PALESTINE: The Palestinian ceasefire: A window of opportunity
April 13, 2005
It looks like the ceasefire, recently negotiated by Palestinian factions in Cairo was part of a more complex political process and not just a unilateral ceasefire that can be repudiated with ease.
The decision was accompanied by fundamental changes in the positions of the Islamic factions regarding participation in the Palestinian Liberation Organization, Legislative Council elections and the Executive System of the National Authority.
This transformation would not have happened had the leaderships of these factions not felt encouraging changes coming from the other side: the release of hundreds of prisoners, deportees starting to return to their homes; the disappearance of gunships from Palestinian airspace, the return of some personal security as a result of a halt in assassinations, a halt in mass arbitrary arrest campaigns and the beginning of Israeli withdrawals from some Palestinian areas.
The election of Mahmoud Abbas (Abu Mazen) as President of the Palestinian National Authority earlier this year spearheaded the end of the ongoing bloody violence between Palestinians and Israelis of the past four years. Palestinians chose Abbas as president, fully aware of his agenda, based on reform and putting an end to violence.
Although the negotiations that followed the election of Abu Mazen, and which culminated in the Sharm El Sheikh understanding, did not result in a dramatic change in the relations between the two parties, they have opened new possibilities for ending one of the bloodiest and most complicated of all political crises.
The two parties have discovered, despite the wide gap between them, an area of common interest that fulfills a joint and urgent need for both of them: their interest in putting an end to violence.
Violence never brought the Palestinians any closer to their objective of an independent state. On the contrary, it took them even farther from it. Nor did violence enable the Israelis to break the Palestinian will and bring Palestinians to capitulation and acceptance of an Israeli-dictated solution.
According to Hani Al Masri, an analyst for the Palestinian newspaper Al Ayyam, `the Palestinian side found in the ceasefire a chance to emerge from the circle of violence, whose losses exceed, beyond comparison, what they achieve`.
Masri adds: `The Israeli side found in this ceasefire a chance to stop a war that has proved achieving victory by force is not possible.`
But this opportunity would soon be given a difficult test, when Israel began to procrastinate in fulfilling the agreements reached by the two parties. Consequently, some Palestinian factions started talking about the futility of the ceasefire and the need to revert to armed struggle.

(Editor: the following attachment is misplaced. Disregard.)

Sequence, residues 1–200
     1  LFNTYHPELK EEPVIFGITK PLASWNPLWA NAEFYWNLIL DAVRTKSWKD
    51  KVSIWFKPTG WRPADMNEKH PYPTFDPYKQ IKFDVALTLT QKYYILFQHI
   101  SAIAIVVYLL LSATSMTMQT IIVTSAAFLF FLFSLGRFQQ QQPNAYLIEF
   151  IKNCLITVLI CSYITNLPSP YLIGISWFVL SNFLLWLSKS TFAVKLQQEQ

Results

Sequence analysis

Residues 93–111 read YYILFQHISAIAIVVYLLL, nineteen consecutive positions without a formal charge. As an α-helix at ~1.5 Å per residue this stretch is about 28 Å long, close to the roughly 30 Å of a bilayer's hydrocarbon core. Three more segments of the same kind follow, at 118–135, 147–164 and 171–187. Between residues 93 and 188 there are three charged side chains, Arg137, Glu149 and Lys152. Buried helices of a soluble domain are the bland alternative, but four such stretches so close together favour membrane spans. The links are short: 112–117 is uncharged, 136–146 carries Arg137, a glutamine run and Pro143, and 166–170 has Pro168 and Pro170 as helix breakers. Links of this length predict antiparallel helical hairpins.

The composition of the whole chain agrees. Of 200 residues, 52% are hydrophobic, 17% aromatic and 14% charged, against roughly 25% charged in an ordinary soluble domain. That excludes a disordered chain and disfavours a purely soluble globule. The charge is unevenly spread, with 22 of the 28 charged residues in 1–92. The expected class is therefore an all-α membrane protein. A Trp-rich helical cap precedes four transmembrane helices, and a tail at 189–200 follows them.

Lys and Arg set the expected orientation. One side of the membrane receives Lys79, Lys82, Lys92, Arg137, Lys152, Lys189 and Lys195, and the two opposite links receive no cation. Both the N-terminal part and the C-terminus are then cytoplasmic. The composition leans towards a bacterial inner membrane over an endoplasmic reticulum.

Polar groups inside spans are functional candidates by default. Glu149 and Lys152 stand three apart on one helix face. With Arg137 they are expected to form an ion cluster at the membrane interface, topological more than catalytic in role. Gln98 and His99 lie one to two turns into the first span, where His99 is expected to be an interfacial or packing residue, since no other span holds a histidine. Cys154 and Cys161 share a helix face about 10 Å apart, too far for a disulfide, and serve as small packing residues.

Masri goes on to say: `The ceasefire will continue to be on the verge of a collapse unless Israel implements the agreements and understandings, such as the ones reached in Sharm El Sheikh, and others, and redeploys from West Bank villages, back to lines before the intifada erupted on September 28, 2000.`
He adds: `Armed attacks that are now faced with rejection and repudiation by most factions may soon be resumed because there is still an occupation, settlements and a separation wall. If this continues and Palestinians do not feel any changes in their lives, we may soon see yet another setback.`
Israeli reports indicate that settlement is continuing with an ever-increasing pace, especially in settlement blocks close to the `green line` and Jerusalem, which Israeli Prime Minister Ariel Sharon wishes to annex to Israel.
The Sharon government announced a package of projects this year for new construction in these blocks, one of which included the issue of 3,500 building licenses in an area close to the settlement of Ma`aleh Adumim, where building interrupts the geographic contiguity between the south and the north of the West Bank.
`The two parties can enhance the available opportunity, each from his side, says prominent expert on the Arab-Israeli conflict Dr. Khalil Shikaki. `Israel can do that by announcing that the road map has entered the stage of implementation and that it will carry out its obligations under this plan over the coming six months, foremost of which are ending settlement activities, dismantling illegal outposts and bringing back the situation in the West Bank to its pre-September 2000 intifada situation.`
`The Palestinian side, in turn, could [enhance the available opportunity] through convincing Israel of the seriousness of the ceasefire and the steps taken in this respect,` Shikaki adds.
Yet Shikaki does not expect this political development to take place, in light of the Israeli prime minister`s persistence to stick to his plan, on the one hand, of refusing to halt settlement activities, and on the other hand, because of the fragile ceasefire remaining in the hands of the Palestinian factions.
Political and security sources close to Palestinian President Abbas indicate that he is fully aware of Sharon`s intentions regarding the settlements, yet he insists on implementing his program, especially regarding ending violence, because he knows that it is, first and foremost, in the best interest of the Palestinians.
Many observers see that an end to violence and serious steps by Israel to ease pressures on the daily lives of Palestinians, as agreed in Sharm El Sheikh, such as withdrawal from cities and villages, releasing a large number of prisoners, lifting checkpoints, and stopping the pursuit of fugitives, may create momentum for new political action in the Palestinian and Israeli societies that help them revert to understandings and agreements reached prior to the intifada.
Mohammad Daraghmeh is a Palestinian journalist and commentator. Acknowledgement to Common Ground News Service (CGNews)